Objective: Separate reference values were recently established for routine blood samples during last trimester pregnancy. Previously, these were based on blood samples from healthy men or non-pregnant women. Normal changes in variation in the levels of steroid hormones in the last weeks of pregnancy before delivery are also incompletely investigated. This study of the preterm hormone levels was carried out in the search for events leading to increased contractility that might occur in the predelivery weeks and potentially influence the initiation of delivery.
Material and methods: Blood samples during pregnancy weeks 33, 36 and 39 as well as 1-3 h postpartum were collected from pregnant women (19-39 years, mean age 30) with at least one previous pregnancy without hypertension or pre-eclampsia. All women (n = 135) had had a vaginal delivery and spontaneous start of labour. The blood samples were analysed for serum hCG, oestradiol and progesterone. Postpartum, the values were retrospectively rearranged to correspond with the actual week before the day of delivery.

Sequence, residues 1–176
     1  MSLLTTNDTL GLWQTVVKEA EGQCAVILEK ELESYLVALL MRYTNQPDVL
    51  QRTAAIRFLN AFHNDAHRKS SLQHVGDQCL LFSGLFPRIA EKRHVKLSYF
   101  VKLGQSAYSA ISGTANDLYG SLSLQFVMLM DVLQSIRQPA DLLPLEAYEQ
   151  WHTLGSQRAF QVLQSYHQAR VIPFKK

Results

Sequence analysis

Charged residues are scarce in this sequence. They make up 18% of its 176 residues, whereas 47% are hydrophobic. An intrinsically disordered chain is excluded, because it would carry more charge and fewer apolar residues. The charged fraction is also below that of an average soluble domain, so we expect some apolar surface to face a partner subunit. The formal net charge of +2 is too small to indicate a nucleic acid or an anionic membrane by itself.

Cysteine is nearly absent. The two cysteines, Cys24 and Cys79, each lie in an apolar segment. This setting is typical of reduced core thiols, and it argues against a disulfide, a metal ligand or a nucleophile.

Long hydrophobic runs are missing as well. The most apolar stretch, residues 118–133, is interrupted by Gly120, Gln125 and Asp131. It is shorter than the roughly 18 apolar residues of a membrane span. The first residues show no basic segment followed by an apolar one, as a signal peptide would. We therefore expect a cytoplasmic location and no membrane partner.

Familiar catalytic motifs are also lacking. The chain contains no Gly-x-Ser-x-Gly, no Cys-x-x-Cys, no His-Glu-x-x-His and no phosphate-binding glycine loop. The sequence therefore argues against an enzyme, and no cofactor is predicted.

Results: During the last trimester of normal pregnancy, a gradual increase was found in oestradiol (median 45980 to 82410 pmol/L), progesterone (median 341 to 675 nmol/L) and a gradual decrease in hCG (median 31833 to 19494 IU/L). Furthermore, a significant (p<0.03) decrease in hCG was found from the third to the second week before delivery, while oestradiol and progesterone continued to increase.
Conclusions: Hormone levels during third-trimester pregnancy have not previously been systematically investigated. Recent data suggest that hCG may have a role as an endogenous tocolytic in normal pregnancy by directly promoting relaxation of uterine contractions. In the present study a significant decrease in serum hCG level was found 2-3 weeks before the spontaneous start of labour. This might contribute to increasing the contractility in the uterine muscle and gradually initiate the onset of labour.